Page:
Ruddock Creek mine review gets no comments

No comments were received during a recent public comment period for the proposed Ruddock Creek mine project

No comments were received during a recent public comment period for the proposed Ruddock Creek mine project, according to the provincial Environmental Assessment Office.

The public comment period lasted from Sept. 8 to Oct. 8.

During the public comment period people were asked to comment on the list of valued components to be included in the application information requirements.

Valued components are aspects of the natural and human environment that have social, cultural, historical, ecological, scientific, economic or other importance to society.

The valued components will be used to develop the information requirements that will make up the proponent’s application information requirements – a document that summarizes the detailed information to be provided by the proponent in its application.

The project’s proponents have not yet applied for an environmental assessment certificate and still is in the pre-application stage.

Ruddock Creek is a joint venture between Imperial Metals (50 per cent), Mitsui Mining and Smelting Co. Ltd. (30 per cent) and Itochu Corporation (20 per cent).

Exploration was conducted on the Ruddock Creek property by Selkirk Metals Corp. between 2004 and 2009 and included over one kilometre of underground development.

In July of 2014 the project description for the proposed development of the Ruddock Creek property was submitted to both the provincial and federal environmental assessment offices.

The following month, the Neskonlith Indian Band issued an eviction notice against the proposed mine.

The BC Environmental Assessment Office issued a Section 11 Order in October of last year that establishes the formal scope, procedures and methods concerning Ruddock Creek’s environmental assessment.

At about the same time, a group calling itself Secwepemc Ts’ka7 Warriors posted a statement on an activist website, claiming responsibility for torching a bridge on the road leading to the proposed mine.

Ruddock Creek is a proposed underground zinc and lead mine in the Monashee Mountains approximately 30 km east of Avola near Tum Tum Lake. The proposed mine would have an annual production rate of 1,050,000 tonnes per year projected over eight years.

There will be an additional comment period during the application review stage when people will also be able to provide comments to EAO on the proposed project.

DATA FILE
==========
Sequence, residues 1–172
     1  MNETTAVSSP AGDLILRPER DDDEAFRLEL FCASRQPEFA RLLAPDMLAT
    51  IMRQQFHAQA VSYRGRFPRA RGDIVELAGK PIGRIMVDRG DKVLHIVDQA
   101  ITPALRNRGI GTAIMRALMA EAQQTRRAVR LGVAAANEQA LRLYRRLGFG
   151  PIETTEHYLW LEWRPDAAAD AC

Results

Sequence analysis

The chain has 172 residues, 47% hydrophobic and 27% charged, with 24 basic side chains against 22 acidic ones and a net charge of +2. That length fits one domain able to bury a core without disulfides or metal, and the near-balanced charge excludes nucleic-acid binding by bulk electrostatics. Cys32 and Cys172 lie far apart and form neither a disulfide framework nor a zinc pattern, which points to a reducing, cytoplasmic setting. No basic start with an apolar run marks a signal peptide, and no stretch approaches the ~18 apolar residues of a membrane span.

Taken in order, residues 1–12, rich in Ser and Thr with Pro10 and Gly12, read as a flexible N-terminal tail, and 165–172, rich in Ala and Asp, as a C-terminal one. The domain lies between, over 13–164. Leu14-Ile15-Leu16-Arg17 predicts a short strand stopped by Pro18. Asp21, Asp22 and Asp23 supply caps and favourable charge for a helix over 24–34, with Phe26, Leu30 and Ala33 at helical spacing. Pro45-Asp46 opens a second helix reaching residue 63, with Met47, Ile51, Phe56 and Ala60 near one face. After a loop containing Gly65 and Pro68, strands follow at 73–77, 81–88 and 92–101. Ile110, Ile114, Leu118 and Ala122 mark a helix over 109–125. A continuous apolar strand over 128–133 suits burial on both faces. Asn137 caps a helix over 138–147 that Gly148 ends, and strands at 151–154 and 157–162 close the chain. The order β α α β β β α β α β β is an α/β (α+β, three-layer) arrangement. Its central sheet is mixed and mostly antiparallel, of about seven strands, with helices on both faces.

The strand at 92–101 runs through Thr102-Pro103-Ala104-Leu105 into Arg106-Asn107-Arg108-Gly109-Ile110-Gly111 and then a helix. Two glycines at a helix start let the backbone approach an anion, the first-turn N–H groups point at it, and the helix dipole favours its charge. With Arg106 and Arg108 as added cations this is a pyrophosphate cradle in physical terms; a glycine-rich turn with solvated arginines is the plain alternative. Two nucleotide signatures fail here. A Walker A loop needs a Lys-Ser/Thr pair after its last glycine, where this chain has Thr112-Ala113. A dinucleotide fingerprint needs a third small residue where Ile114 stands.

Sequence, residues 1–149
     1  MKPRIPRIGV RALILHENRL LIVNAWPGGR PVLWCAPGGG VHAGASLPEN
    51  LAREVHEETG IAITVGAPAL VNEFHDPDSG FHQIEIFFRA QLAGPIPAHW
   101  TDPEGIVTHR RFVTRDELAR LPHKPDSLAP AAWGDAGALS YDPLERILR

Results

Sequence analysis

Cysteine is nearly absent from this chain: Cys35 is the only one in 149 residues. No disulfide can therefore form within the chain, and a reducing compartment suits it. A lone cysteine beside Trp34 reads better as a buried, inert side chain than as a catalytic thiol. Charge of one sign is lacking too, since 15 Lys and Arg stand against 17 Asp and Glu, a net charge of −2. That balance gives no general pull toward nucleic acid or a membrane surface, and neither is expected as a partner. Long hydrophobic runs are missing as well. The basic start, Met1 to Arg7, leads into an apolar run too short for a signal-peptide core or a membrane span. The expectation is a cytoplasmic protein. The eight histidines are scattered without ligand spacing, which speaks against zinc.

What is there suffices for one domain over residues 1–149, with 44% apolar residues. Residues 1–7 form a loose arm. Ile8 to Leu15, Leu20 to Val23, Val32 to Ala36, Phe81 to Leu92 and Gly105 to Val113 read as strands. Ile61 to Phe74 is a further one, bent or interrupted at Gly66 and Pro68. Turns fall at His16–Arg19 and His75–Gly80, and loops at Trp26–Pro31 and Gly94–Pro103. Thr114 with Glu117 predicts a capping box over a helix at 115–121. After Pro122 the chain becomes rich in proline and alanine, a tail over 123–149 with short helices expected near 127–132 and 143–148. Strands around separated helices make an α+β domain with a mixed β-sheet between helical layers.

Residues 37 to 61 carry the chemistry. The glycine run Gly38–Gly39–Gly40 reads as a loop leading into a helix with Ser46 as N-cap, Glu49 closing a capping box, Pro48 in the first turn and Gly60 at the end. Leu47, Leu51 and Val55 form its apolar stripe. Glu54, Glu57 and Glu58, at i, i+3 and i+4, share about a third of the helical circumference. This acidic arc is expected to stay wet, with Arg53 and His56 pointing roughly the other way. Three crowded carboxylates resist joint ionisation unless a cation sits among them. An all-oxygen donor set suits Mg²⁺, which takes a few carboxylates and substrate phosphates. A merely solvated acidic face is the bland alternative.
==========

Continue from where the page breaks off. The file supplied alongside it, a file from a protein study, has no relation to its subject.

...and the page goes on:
Just Posted

The story of Rotary Richard

People have until April 6 to make their guess

Local contribution to a global issue

Global Climate Strike for Future

Thompson Caribou Championship hockey tournament a show of dedication

The tournament included teams from Logan Lake, Merritt, Lillooet, Clearwater and two from Chase

Cross-country camaraderie

Learning techniques for skate skiing and other fun activities

VIDEO: RCMP ask kids to help name soon-to-be police dogs

13 German shepherd puppies will be born this year

Horvat scores 16 seconds into OT as Canucks beat Blackhawks 3-2

Pettersson sets rookie scoring record for Vancouver

No injuries, pollution in Vancouver Harbour ship collision: Transport Canada

Transportation Safety Board says it has deployed a team of investigators look into the incident

Budget 2019: Five things to watch for in the Liberals’ final fiscal blueprint

Finance Minister Bill Morneau will release the Trudeau government’s final budget on Tuesday

New concussion guidelines launched for Canada’s Olympians, Paralympians

The guidelines will be in effect at this summer’s Pan American, Parapan American Games in Lima, Peru

Alphonso Davies doubtful for Canada game against French Guiana in Vancouver

Canada will be without injured captain Scott Arfield and veteran Will Johnson

Watchdog called after man who yelled racial slurs at B.C. vigil hurt during arrest

BC RCMP say man was ‘acting suspiciously’ at prayer vigil for victims of New Zealand mosque shootings

NDP’s Jagmeet Singh steps into the House of Commons, making history

Burnaby South MP becomes first visible minority to lead a federal party in the House of Commons

Most Read